On the A Train this afternoon, four Black girls are cutting school. (“Why we pick the coldest day to cut, son?” “Son, this is the last time I’m cutting!”)
One girl is light skinned. She has dry, pressed shoulder-length hair with aging twistrows at the crown. The other three are dark with short, growing-out perms and vinyl hairpieces glued at the bang.
All four are discussing how great it would be to be white.
Because white people have bread, son. And son, they have pretty eyes and long hair. They live in Miami and cake up. White people have a lot of cats though, and they stink. But son, they have pretty, long hair, like these ones standing in front of us. Black girls have short hair. It’s not fair. We’re stuck with short hair.
“I have long hair and I’m not white,” the light skinned one offers.
One of her dark friends–the loudest, bustiest of the quartet—retorts, “Bitch, you ain’t all Black! You know you got something in you, some Indian or Puerto Rican.”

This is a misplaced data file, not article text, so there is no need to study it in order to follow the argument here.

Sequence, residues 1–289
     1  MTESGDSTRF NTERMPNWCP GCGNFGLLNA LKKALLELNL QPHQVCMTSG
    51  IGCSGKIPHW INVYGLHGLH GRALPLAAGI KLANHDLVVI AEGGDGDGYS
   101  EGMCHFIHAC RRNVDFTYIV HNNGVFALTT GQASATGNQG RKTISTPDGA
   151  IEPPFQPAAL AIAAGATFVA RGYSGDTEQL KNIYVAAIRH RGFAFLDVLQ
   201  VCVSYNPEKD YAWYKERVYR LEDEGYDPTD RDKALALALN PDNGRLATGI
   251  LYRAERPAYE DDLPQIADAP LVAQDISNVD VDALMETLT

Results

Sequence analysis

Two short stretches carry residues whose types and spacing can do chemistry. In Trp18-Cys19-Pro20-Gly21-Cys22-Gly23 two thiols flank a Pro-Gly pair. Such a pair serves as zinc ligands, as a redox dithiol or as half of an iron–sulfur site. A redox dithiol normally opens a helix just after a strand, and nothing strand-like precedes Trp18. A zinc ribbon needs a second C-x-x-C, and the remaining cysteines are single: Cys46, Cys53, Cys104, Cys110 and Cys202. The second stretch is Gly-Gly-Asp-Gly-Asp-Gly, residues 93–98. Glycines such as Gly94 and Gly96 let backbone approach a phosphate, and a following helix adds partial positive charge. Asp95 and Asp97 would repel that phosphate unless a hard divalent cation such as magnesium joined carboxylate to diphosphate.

All four laugh.
Soon the conversation turns to shape—how the light-skinned one is real skinny.
“Skinny bitch,” says the loud one. “Skinny bitch, you need to eat more chicken and more McDonalds.”
“Niggas like thick girls with guts,” another adds.
“Come get this gut, nigga!” the loud one screams theatrically. Her tummy is peeking out of the bottom of her shrunken T-shirt. It says, “Single and ready to mingle.”
The light skinned one plays it off: “So what if I’m skinny? I’m skinny because I’m a virgin.”
“NOT!” her friends scream in unison.
“Well to my mother I am a virgin,” she quips.
All four laugh.
After awhile, the light one stands up to stretch. One of her girls points at her crotch and claims to see a period stain. She’s being cruel; there’s no scarlet. But she won’t quit: “I’m telling you this because I care. You either have your period on your pants or you sat in something red.”
Stricken, the light one extends her waistband and peers down at her crotch. “I knew it. I knew I didn’t have my period on my pants,” she says quietly.
She sits back down and her arm brushes against mine. Several moments later she turns to me.
“For what?” I ask.
“I touched you and I’m sorry.”
I right my eyes and put on the most neutral smile I can muster. “It’s OK. It was just a soft touch.”
I know I owed her more. But I didn’t know what to give.